“It worked. Six months later, and a whole lot of hours and plane trips bouncing all across the country, we had reverse integrated the six factories they requested. We had no significant customer service upsets. It wasn’t perfect but it was fast. It was an enormous level of cultural change where we learned the best of both Nestlé and Purina cultures to create an amazingly successful business and organization.”

And Terry did not look back as Nestlé Purina Pet Care continued to roll out cutting-edge technologies.  

Why So Slow?!?

“But in terms of the industry as a whole, I’m actually confused and concerned about where we are after seven years of Industry 4.0 and digital transformation. We still have so many companies in pilot purgatory, or with single point solutions, or massive AI projects that take years to stand up. They are all missing all this low-hanging fruit digital transformation provides by enhancing human and machine performance,” says Terry.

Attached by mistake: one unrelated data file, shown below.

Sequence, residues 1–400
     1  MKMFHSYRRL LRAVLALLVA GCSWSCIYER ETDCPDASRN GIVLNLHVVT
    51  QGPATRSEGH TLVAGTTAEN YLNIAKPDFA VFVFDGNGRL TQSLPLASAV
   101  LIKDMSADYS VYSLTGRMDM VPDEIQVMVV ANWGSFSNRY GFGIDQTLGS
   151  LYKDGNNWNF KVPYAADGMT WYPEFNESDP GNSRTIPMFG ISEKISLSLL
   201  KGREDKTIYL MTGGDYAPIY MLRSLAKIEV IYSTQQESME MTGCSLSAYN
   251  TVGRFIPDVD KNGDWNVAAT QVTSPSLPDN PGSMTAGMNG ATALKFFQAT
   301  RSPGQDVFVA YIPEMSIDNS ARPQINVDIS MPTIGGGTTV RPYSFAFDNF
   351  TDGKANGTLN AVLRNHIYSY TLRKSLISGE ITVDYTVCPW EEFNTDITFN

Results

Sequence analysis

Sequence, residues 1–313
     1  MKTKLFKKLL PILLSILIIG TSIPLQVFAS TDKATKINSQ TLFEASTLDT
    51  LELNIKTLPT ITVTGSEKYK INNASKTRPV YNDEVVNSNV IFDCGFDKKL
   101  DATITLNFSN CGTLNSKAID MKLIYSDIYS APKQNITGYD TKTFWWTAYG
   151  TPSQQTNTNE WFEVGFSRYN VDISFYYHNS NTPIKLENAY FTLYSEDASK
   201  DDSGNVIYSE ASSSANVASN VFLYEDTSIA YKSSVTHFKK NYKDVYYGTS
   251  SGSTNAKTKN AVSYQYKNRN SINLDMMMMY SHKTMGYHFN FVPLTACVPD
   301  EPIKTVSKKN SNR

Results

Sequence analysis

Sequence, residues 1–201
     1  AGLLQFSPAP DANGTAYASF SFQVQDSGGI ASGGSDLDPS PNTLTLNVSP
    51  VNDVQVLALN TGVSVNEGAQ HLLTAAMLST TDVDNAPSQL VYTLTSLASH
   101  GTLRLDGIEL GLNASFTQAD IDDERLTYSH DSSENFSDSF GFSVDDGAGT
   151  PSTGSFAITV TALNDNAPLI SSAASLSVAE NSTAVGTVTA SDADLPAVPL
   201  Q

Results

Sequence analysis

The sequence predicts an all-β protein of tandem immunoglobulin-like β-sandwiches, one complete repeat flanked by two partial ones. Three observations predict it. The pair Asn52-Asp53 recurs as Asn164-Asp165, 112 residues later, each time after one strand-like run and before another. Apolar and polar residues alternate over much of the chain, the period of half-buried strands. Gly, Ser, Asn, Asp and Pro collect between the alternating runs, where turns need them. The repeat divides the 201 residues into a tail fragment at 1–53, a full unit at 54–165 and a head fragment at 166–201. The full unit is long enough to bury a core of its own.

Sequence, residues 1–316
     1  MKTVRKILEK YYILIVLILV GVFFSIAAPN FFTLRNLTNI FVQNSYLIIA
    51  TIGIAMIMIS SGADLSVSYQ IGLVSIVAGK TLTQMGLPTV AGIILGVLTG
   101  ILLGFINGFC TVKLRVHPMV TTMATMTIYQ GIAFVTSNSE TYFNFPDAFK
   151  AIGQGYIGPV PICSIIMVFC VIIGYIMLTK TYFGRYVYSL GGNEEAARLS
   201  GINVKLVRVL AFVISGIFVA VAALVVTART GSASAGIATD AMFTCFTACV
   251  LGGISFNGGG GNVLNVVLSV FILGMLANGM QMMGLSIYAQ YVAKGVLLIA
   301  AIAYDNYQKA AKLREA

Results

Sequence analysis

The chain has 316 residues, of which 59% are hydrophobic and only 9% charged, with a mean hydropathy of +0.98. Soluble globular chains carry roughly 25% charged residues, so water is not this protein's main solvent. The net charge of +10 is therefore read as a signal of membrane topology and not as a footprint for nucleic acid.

“But in terms of the industry as a whole, I’m actually confused and concerned about where we are after seven years of Industry 4.0 and digital transformation.”

“I often hear people say you can’t change factory culture in a factory in 90 days. And, of course, I disagree! The tech is there, along with the UX design and the behavioral science, that allows you to move this fast. It’s more about engaging people in a way that has them really emotionally participating in the manufacturing process. And then giving them tools to do it.”

Move Fast – And With The Right Partners

“Look at Augury… What operator doesn’t want a machine to come and tell them, ‘Hey, there’s something wrong with me and I need your attention before something really bad happens. Here are the three things to look at’? Who doesn’t want that on their production line – especially when that line is running at a thousand cans a minute? Every operator wants that.”